Footnote 3: The issue of whether registration for sex offenders constitutes Punishment is currently under review in the California Supreme Court. (See People v. Castellanos, S064388, [the issue is whether the “catch-all” provisions of section 290, subdivision (a)(2)(E) constitute an ex post facto law as applied to one whose conviction preceded the enactment of those provisions].)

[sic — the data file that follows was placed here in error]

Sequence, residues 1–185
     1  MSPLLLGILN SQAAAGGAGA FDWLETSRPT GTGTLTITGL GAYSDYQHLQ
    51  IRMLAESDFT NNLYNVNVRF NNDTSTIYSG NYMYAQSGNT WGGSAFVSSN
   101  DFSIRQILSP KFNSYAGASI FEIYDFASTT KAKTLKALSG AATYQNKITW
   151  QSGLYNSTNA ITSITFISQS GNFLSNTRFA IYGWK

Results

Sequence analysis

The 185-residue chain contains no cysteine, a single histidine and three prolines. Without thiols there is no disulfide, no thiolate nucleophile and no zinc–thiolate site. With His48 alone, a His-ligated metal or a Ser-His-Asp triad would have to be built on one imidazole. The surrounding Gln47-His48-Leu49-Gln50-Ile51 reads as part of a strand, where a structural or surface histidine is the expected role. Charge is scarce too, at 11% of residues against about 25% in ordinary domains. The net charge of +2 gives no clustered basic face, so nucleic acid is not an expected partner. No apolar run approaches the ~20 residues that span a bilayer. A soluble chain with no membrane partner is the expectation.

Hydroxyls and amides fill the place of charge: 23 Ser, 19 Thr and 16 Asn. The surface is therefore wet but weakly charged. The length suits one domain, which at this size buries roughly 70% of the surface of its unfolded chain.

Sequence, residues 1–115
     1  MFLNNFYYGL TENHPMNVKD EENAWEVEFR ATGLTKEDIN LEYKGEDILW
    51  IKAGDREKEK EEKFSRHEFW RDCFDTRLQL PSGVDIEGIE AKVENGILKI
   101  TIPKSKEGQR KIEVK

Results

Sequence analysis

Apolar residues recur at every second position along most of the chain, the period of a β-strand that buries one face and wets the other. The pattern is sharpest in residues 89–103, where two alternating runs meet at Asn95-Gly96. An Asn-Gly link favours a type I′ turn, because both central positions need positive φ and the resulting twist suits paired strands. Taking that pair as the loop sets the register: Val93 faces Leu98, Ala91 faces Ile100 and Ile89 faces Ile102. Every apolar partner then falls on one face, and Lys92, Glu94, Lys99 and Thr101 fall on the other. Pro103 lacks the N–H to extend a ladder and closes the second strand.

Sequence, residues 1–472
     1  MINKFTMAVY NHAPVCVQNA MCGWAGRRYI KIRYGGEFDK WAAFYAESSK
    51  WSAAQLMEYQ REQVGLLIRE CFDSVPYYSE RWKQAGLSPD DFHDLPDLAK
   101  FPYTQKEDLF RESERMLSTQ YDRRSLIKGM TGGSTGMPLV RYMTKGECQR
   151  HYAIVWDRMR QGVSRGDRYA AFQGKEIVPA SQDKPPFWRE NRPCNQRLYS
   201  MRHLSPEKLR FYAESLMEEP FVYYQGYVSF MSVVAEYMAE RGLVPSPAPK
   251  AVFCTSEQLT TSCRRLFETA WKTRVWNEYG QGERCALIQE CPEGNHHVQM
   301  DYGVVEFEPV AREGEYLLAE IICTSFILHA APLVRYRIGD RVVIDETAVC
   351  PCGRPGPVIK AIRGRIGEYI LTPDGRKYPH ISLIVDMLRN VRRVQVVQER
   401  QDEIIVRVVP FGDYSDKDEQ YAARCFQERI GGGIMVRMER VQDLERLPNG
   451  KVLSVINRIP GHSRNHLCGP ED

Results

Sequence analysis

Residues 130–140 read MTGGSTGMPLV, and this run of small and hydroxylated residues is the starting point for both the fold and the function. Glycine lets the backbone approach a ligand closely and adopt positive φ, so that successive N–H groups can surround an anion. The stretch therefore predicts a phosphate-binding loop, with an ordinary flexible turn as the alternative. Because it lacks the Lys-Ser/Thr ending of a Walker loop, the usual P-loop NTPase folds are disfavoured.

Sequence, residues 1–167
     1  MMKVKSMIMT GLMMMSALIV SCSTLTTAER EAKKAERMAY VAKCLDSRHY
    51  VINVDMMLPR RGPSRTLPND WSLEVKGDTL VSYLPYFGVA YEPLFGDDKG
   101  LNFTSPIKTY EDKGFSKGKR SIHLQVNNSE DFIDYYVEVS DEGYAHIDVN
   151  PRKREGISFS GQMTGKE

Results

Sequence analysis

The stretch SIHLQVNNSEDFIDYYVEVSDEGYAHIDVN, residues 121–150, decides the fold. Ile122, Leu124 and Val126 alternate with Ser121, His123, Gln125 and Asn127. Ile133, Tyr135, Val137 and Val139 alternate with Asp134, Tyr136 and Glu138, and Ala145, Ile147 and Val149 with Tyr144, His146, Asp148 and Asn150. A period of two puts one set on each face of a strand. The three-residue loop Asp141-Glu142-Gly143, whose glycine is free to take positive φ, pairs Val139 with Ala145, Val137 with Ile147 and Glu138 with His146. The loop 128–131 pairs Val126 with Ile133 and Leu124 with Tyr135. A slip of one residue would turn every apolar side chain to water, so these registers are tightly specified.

Footnote 4: The punishment for this offense is a state prison term of 16 months or two or three years.
Footnote 5: Effective January 1, 1999, § subdivision applied to perpetrators aged 21 in addition to those over the age of 21. (§ 261.5, subd. (d).) A violation of section 261.5, subdivision (d) is a wobbler, but the applicable prison term, if a prison term is chosen, is two, three or four years, (§ 261.5, subd. (d).)
Footnote 6: All further section references are to the Penal Code.